The evidence before the jury tended to establish the following facts:
That for some years prior to June, 1875, the plaintiffs were doing business in he City of Rochester, New York, as partners, under the style of Lowery & Bradner, while, during the same period, the defendants were engaged in business in the City of New York, under the style of Strang & Holland Brothers; that the special business of plaintiffs was the purchase of wool, which they forwarded to the defendants, as commission merchants, to sell on account; that plaintiffs, for the accommodation of defendants, often furnished them with promissory notes for the purpose of enabling them to carry on business; that the defendants took care of these notes, paying the same at maturity out of the proceeds of the property consigned and with money remitted by the plaintiffs; that in the transactions between the parties, the plaintiffs were credited with those notes, with the proceeds of property sold on their account, and with money remitted by them, and were charged with the amounts paid to take up the notes; that on or about March 1, 1875, the defendants requested the plaintiffs to furnish them with four promissory notes of about $4,000 each to enable them to raise money thereon and to be credited to plaintiffs on their account in accordance with the course of business existing between the parties -- such notes to be of odd amounts and made as of different dates, before the time they were transmitted to the defendants, so that they might appear to be given for real indebtedness; that, pursuant to that request, the plaintiffs made and transmitted to defendants their four promissory chanrobles.com-red
notes, for $4,325.50, $4,326.25, $4,327.13, and $4,327.15 each at four months, dated, respectively, on the 1st, 9th, 15th, and 20th days of February, 1875, and each payable to the plaintiffs at the office of the defendants in the City of New York and endorsed by the plaintiffs, and that on or about April 4, 1875, Strang represented to plaintiffs that his firm had not used nor been able to use those notes because they were made payable at their office, and requested plaintiffs to lend them four other notes of the same amount payable at the Metropolitan National Bank, in New York City, to be used in the place of those dated in February.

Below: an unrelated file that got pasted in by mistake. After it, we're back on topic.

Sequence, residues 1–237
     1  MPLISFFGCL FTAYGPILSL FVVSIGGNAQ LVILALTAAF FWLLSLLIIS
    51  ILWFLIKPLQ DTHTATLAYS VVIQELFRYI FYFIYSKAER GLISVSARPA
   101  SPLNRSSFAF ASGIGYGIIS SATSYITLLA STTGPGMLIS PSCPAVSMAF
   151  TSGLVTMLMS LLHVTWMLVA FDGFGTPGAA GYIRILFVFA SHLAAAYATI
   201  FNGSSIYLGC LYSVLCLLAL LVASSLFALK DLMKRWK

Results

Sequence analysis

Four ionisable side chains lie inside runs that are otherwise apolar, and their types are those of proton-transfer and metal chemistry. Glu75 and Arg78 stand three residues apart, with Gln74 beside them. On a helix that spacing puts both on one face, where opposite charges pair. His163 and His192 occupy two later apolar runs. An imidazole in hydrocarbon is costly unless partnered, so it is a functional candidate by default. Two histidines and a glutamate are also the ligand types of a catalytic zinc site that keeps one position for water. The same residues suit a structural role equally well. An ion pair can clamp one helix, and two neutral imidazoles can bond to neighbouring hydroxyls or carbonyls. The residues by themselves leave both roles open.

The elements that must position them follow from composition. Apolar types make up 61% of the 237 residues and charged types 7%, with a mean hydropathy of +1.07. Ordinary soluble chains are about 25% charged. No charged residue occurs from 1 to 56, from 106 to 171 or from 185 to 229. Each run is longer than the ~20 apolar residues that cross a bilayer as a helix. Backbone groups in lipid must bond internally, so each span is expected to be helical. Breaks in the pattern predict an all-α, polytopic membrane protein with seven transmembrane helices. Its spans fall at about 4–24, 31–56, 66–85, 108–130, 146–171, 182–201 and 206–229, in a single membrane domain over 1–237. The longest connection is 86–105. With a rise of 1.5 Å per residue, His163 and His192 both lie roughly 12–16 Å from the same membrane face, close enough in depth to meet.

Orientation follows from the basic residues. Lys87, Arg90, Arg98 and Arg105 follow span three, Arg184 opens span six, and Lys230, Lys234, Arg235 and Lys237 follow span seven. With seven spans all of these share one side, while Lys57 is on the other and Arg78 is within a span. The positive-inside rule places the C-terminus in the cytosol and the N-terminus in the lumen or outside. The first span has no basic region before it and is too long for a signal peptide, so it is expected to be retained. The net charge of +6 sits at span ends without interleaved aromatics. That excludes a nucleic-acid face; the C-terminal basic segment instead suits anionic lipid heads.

There was also evidence tending to prove that the plaintiffs, relying upon the representation that the February notes had not been used and that the defendants desired other notes to be used in their place, executed and delivered to the latter four other promissory notes, each at four months, for $4,850, $4,951.25, $4,860.30, and $4,970, respectively, dated 13th, 14th, 16th, and 20th of March, 1875, payable four months after date to their own order at the Metropolitan National Bank, New York, and by them endorsed; that at the time defendants requested to be furnished with the notes last described, they had in fact discounted and put in circulation the February notes, whereby the plaintiffs, as makers and endorsers, were compelled to pay the same to the holders; that when Strang applied for the March notes, the defendants knew that they were insolvent, but that fact was not known to plaintiffs; that he made such representations and procured said notes with the intent to defraud the plaintiffs, and that the latter was compelled to pay such part of the March notes as amounted, principal and interest, to the sum for which they obtained judgment below.
In the misrepresentations made by Strang to Lowery & Bradner, there was no active participation by his partners, the Messrs. Holland. But it was proven that the proceeds of the notes last obtained from plaintiffs, as well as the proceeds of the February notes, all went into the business of Strang & Holland Brothers.